The final perspective, and the most emotionally affecting, is the aesthetic feel of the exhibition. The ambience of the show, when one shuts out the filmed stories and academic lectures, arises in quiet moments. The melancholy of humanity’s obsession with life extension and youth, practically universal, comes in waves of confrontational philosophical judgements. Surely, not-dying isn’t enough to qualify as living. The abandoned clinic, with its cloying formica and grubby screens, suggests that death is a central part of a human cosmology.

It’s a thought suggested by the featured academics, who argue that life extension now (and perhaps forever) is about consistent healthy living rather than a magic pill. Similarly, the rapper’s testimony about the meaning of an endless life has echoes in the half-life remembrances many people still harbour after lockdown. The familiar idea, of being alone with our lives forever and ever, suggests that on a societal level we need to find an enlightened position that includes everyone, if only to save ourselves. 

The End of Ageing succeeds in presenting a deep myriad of visions of what immortality might mean, encapsulating both scientific and philosophical implications in a rigorous fashion. However, it struggles to provide sufficient space for attendees to really cross the intellectual threshold and appreciate the exhibition’s considerable artistic achievements in a personal way.

The key stumbling block is that at various points it comes across as too expository. The message of numerous videos explaining life extension and its implications might have been more evocative if suggested via supplementary material; case notes scattering the surgery floor, sales pamphlets stacked in the reception, haunting robotic tannoy calls requesting a doctor’s presence for a human species now extinct, or an augmented reality app allowing the explorer to see the clinic in its heyday. The latter would offer a suitable remove to watch videos and hear testimonies without negating the (ironically) morgue-like atmosphere of commercial immortality.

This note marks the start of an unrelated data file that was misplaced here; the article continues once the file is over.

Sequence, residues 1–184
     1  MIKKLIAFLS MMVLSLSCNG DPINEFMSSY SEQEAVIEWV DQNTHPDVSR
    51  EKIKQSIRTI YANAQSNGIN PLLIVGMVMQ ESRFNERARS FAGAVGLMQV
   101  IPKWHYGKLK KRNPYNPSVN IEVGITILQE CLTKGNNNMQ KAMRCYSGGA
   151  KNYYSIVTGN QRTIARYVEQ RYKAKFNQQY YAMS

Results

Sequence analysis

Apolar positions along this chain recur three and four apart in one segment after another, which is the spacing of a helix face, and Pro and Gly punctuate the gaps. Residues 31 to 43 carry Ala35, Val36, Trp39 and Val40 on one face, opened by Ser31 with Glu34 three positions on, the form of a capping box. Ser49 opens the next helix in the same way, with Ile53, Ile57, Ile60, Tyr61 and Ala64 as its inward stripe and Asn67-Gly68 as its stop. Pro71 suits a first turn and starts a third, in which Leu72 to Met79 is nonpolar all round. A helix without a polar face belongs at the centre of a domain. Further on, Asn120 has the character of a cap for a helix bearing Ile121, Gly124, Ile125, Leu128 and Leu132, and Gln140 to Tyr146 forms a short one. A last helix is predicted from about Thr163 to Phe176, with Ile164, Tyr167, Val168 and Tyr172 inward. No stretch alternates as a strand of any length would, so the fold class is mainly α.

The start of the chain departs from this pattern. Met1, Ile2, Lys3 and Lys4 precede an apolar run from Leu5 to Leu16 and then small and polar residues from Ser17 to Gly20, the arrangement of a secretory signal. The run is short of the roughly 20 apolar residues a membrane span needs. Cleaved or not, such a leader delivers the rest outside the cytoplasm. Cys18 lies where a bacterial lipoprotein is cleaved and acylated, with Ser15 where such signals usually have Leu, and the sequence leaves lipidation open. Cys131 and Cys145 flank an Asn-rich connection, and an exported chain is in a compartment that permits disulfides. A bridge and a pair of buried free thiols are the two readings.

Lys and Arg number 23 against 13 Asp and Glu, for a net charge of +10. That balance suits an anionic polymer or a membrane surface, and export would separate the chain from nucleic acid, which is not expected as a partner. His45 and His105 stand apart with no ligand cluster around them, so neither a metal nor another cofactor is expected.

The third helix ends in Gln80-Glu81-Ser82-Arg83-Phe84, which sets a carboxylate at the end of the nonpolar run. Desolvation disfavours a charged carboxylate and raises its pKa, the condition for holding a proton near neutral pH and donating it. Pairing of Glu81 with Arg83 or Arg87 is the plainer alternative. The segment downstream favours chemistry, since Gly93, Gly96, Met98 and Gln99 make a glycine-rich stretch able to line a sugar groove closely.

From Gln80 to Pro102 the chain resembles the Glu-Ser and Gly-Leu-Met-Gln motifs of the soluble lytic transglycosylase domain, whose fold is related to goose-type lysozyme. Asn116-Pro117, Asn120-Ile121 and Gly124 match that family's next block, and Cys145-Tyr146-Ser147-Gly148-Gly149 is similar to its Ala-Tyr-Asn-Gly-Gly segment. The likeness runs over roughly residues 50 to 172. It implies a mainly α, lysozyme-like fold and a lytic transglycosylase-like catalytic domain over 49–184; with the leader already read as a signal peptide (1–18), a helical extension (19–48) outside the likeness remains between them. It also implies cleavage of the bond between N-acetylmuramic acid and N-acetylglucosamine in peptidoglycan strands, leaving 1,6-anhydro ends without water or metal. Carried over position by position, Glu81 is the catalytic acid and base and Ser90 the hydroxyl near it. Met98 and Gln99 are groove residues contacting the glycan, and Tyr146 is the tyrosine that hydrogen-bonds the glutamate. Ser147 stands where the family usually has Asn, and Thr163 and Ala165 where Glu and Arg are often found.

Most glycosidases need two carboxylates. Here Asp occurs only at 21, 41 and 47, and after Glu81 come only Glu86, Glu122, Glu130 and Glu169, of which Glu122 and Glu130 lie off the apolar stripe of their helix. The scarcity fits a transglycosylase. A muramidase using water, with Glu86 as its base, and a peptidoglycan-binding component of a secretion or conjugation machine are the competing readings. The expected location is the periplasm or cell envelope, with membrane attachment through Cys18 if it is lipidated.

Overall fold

From an audience point of view, it’s common for installations to situate the viewer as an investigator, piecing together the message by reading creative choices as clues to the artist’s intentions. The End of Ageing also presumes this, but would more informational opacity increase the dynamic tension in line with the artist’s vision? Perhaps. Schindhelm’s ambitions are beyond anything so simple as having a primary narrative from which invented and actual information branches out. And though such approaches have been used successfully by multidisciplinary artists such Tai Shani, one senses that Schindhelm is breaking the fourth wall on purpose. During a conversation, he intimated with a wry smile that his creation, a rumination on life extension, in Basel – the home of pharmaceutical and medical research – creates a contextual frisson that is hard to miss. 

Across the road from the exhibition is the Clarunis Universitäres Bauchzentrum Basel Standort Universitätsspital (university hospital), an imposing complex renowned for medical advancement. Inside, academics, medics and researchers undoubtedly work for the benefit of all people. However, there is an element to all altruism that assumes a subjective good. One generation’s ethical standpoint can be cast in a very different light as societies, lives and new conceptions of humanity evolve with technology, increased economic division and environmental threats. Schindhelm’s exhibition heightens the intersection between these presuppositions.

What we currently know, and where our dreams of immortality might take us, The End of Ageing contains the message that, rather than easy answers, it is from an appreciation of the multiplicities of future vision that we can start to put together a plan — one that doesn’t merely extend our current structural societal problems.

As always, a step forward is rooted in where we currently stand.   

Bids for Survival: The End of Ageing will be open to the public from 3 May to 21 July 2024, at the Kulturstiftung Basel H. Geiger | KBH.G, as well as on a dedicated digital platform from July 2024.

More info: www.kbhg.ch

Photos courtesy of KBH.G. Installation shots from The End of Ageing, Basel, 2024